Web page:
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What's the Retirement Age in Canada? There's no Single Answer

Written by Jessica Steer
Traditionally, we think of the standard retirement age in Canada as 65 years old. Only some people retire at age 65, though. Other Canadians retire earlier or later than this.
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    It depends on your income and when you can afford to retire. Let’s take a look at different retirement ages in Canada and when most Canadians choose to retire.

    Average Retirement Age

    In Canada, the average overall retirement age is 64.6. That said, the average does change depending on what your profession is. According to Statistics Canada, the average retirement age for public-sector employees is 62.7. The average age for those who are self-employed is 66, and the average age for private-sector employees is 64.7.

    As you can see, while all of these averages are different, they’re all close to 65 years old. This tells you that the majority of Canadians tend to retire between the ages of 60 and 70. 

    Age of Retirement for Women In Canada

    While gender doesn’t play a huge role in retirement, if you look at the averages, women tend to retire a little earlier than men. Let’s look at the average overall retirement age compared to the average age of retirement for women. 

    Employment SectorAverage Overall Retirement AgeAverage Retirement Age for Women
    Public Sector62.762.0
    Private Sector64.764.4

    Mandatory Retirement Age

    You may be surprised to learn that there actually isn’t a mandatory retirement age, however there used to be. Up until 2009, you had to retire by the age of 65 or earlier. That said, there are still some professions that have a mandatory retirement age, but the majority of professions allow you to work for as long as you choose to. Some examples of these professions are:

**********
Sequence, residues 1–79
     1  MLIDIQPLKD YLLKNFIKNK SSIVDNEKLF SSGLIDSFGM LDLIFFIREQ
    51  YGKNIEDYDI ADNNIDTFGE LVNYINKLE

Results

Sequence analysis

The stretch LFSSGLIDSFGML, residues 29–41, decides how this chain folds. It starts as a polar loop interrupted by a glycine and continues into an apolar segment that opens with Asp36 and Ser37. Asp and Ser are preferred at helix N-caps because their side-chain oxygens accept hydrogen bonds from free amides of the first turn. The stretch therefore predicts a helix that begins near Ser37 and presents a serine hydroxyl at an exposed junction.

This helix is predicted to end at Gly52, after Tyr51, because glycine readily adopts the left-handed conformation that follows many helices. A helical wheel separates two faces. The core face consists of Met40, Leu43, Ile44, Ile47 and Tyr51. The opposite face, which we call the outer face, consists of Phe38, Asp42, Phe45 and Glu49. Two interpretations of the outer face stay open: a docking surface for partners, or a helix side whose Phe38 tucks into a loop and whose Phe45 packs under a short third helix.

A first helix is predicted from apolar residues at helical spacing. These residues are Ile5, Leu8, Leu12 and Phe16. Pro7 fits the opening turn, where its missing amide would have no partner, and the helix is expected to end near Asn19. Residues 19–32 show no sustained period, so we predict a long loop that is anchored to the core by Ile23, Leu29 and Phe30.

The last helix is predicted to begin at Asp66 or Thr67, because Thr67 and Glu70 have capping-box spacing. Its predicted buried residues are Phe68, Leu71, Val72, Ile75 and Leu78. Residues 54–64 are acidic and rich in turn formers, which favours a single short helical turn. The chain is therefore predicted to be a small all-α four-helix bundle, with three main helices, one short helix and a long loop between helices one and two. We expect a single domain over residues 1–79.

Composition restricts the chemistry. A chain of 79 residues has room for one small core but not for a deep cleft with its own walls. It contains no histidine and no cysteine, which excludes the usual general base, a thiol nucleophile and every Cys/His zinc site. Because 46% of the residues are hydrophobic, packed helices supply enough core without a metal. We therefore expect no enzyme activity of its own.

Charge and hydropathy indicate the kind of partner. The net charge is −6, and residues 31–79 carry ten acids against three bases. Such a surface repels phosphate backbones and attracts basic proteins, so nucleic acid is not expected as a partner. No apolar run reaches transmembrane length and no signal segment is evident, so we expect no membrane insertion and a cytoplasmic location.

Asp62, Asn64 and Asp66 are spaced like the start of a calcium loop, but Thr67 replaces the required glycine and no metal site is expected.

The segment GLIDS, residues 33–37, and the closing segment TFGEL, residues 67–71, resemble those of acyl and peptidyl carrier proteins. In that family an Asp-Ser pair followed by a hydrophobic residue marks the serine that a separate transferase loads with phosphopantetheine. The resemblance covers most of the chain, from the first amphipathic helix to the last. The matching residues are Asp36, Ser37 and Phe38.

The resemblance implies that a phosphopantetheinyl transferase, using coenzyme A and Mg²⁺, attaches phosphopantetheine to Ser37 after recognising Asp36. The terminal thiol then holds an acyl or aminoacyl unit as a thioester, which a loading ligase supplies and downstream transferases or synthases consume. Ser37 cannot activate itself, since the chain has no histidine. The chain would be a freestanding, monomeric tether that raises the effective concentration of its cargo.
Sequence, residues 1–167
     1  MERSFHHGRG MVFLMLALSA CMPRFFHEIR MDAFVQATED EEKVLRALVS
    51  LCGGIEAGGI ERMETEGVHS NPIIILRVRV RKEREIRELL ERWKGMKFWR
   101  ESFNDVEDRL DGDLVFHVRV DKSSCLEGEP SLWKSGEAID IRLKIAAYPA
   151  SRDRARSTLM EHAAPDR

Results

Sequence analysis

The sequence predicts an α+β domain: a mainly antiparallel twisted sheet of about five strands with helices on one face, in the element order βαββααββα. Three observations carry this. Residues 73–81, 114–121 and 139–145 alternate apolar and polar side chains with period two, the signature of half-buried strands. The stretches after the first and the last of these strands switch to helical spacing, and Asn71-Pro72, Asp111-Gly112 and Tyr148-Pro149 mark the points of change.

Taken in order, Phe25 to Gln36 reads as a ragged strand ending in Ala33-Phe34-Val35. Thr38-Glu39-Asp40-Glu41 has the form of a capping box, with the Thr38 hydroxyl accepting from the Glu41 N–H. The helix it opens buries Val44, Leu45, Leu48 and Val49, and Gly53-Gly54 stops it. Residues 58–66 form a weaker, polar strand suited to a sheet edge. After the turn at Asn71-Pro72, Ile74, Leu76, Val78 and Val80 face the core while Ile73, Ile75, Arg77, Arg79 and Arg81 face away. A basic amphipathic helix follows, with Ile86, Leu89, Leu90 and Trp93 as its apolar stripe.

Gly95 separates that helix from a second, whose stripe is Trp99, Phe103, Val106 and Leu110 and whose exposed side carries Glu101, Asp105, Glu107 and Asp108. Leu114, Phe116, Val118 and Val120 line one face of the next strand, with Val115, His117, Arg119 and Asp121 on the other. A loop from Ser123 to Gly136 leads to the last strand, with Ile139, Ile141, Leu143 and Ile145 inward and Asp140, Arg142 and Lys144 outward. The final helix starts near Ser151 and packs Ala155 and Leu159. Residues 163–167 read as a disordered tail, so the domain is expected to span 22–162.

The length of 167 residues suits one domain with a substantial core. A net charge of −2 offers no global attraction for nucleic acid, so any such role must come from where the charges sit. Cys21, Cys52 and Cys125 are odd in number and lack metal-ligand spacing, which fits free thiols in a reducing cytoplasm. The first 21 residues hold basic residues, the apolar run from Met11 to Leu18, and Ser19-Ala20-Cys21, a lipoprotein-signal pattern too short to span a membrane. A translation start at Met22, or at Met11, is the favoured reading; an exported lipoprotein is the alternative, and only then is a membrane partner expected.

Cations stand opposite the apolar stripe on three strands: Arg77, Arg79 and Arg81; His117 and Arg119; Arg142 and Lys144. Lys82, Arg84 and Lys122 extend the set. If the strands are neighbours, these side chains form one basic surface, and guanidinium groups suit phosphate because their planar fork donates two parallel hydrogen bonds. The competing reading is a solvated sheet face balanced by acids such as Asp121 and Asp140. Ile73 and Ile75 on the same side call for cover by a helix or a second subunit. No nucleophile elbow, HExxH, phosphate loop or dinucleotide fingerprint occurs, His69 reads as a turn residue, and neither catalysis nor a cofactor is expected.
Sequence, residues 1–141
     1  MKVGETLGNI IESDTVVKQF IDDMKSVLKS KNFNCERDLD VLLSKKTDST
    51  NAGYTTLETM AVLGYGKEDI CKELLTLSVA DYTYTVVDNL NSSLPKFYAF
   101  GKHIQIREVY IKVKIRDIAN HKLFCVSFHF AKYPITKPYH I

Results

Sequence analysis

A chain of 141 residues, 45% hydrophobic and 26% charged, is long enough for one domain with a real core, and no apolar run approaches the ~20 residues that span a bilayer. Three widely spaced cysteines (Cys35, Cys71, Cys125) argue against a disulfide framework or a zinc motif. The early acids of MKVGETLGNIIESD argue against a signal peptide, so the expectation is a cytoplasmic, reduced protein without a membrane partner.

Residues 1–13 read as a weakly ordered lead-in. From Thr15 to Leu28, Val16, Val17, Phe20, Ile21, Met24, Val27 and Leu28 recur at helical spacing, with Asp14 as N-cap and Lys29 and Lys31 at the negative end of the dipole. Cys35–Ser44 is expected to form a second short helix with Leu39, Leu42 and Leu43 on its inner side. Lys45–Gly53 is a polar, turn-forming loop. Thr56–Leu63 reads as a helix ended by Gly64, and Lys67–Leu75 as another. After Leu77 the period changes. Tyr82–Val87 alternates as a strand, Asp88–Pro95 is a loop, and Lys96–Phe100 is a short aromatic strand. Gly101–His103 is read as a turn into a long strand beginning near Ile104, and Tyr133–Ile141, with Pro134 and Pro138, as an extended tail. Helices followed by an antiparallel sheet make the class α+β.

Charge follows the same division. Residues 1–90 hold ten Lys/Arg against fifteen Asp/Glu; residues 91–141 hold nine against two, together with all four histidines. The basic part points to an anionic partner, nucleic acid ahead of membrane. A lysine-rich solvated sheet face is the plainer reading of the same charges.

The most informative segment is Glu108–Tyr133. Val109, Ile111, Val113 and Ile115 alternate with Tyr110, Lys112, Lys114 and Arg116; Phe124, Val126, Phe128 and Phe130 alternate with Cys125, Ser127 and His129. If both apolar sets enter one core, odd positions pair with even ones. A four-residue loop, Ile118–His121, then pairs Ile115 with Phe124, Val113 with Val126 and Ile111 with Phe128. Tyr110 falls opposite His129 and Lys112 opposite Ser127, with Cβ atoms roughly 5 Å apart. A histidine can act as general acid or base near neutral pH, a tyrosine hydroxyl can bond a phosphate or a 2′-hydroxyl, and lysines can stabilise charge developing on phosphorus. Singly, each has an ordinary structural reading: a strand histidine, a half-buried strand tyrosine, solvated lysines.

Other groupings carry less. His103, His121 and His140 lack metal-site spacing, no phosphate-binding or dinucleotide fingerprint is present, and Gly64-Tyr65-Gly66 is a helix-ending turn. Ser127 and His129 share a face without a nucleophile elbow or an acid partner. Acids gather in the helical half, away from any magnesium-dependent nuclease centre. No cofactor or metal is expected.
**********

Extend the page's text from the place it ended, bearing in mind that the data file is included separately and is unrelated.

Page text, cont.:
• Firefighters
    • Airline Pilots
    • Air Traffic Controllers
    • Military Personnel
    • Police Officers

    The reason certain professions have a mandatory retirement age is that continuing to work in this profession after a certain age could be harmful to the employee as well as the public. When a specification such as a mandatory retirement age is made for a position, it’s referred to as a BFOR (Bona Fide Occupational Requirement).

    Since there’s no mandatory retirement age in Canada, you can still be eligible for Employment Insurance after the age of 65. That said, you do need to meet the eligibility requirements. 

    Best Age to Retire

    For most Canadians, the best age to retire is 65. This is because this is when most government benefits become available. While you are able to get these benefits earlier, you’re to get the full amount once you turn the age of 65. However, if you choose to retire at the age of 70, you can get a bit more from these benefits. 

    In Canada, the benefits you get when you retire are CPP (Canada Pension Plan) and OAS (Old Age Security). With CPP, you can receive around $616 per month, and with OAS, you could receive the maximum payment of $600 per month. 

    If you have an RRSP (Registered Retirement Savings Plan), you have until the end of the year you turn 71 years old. The great thing about this is if you retire at 65 and don’t choose to use your RRSP right away, you have a few years until you have to withdraw it in one lump sum or turn it into an RRIF (Registered Retirement Income Fund). This applies whether you’ve met your eligible contribution limit or not. 

    Retirement Age According to Province

    In Canada, most Canadians retire somewhere around the age of 65. That said, the averages and retirement ages do change based on where you live. Let’s take a look at the different retirement ages for each province. 

    British Columbia

    In BC, most people choose to work right until they are 65. That said, though, depending on their financial situation and pension, some people do decide to retire at 55. Many employment pensions do allow you to retire at 55, but you will get a full retirement pension at 65. However, there’s no mandatory retirement age for most jobs. 


    Just like BC, there’s no mandatory retirement age in Alberta. However, Alberta does offer a Seniors Benefit that you have to be 65 to be approved for. There are some more requirements you have to meet as well, but this does influence the retirement age. 


    In Saskatchewan, the retirement age is 65. That said, you can retire as early as 60 or wait until 70. Some choose to retire even later. When you decide to retire, it will determine what your monthly income will be. 


    Depending on your pension and monthly income, you can choose to retire as early as 55 or as late as you like. Your pension could be less if you choose this option, though. Most pensions give full benefits at 65.


    The average age to retire is 65. Most pensions kick in at 65 in Ontario, and it’s when you receive full government retirement benefits.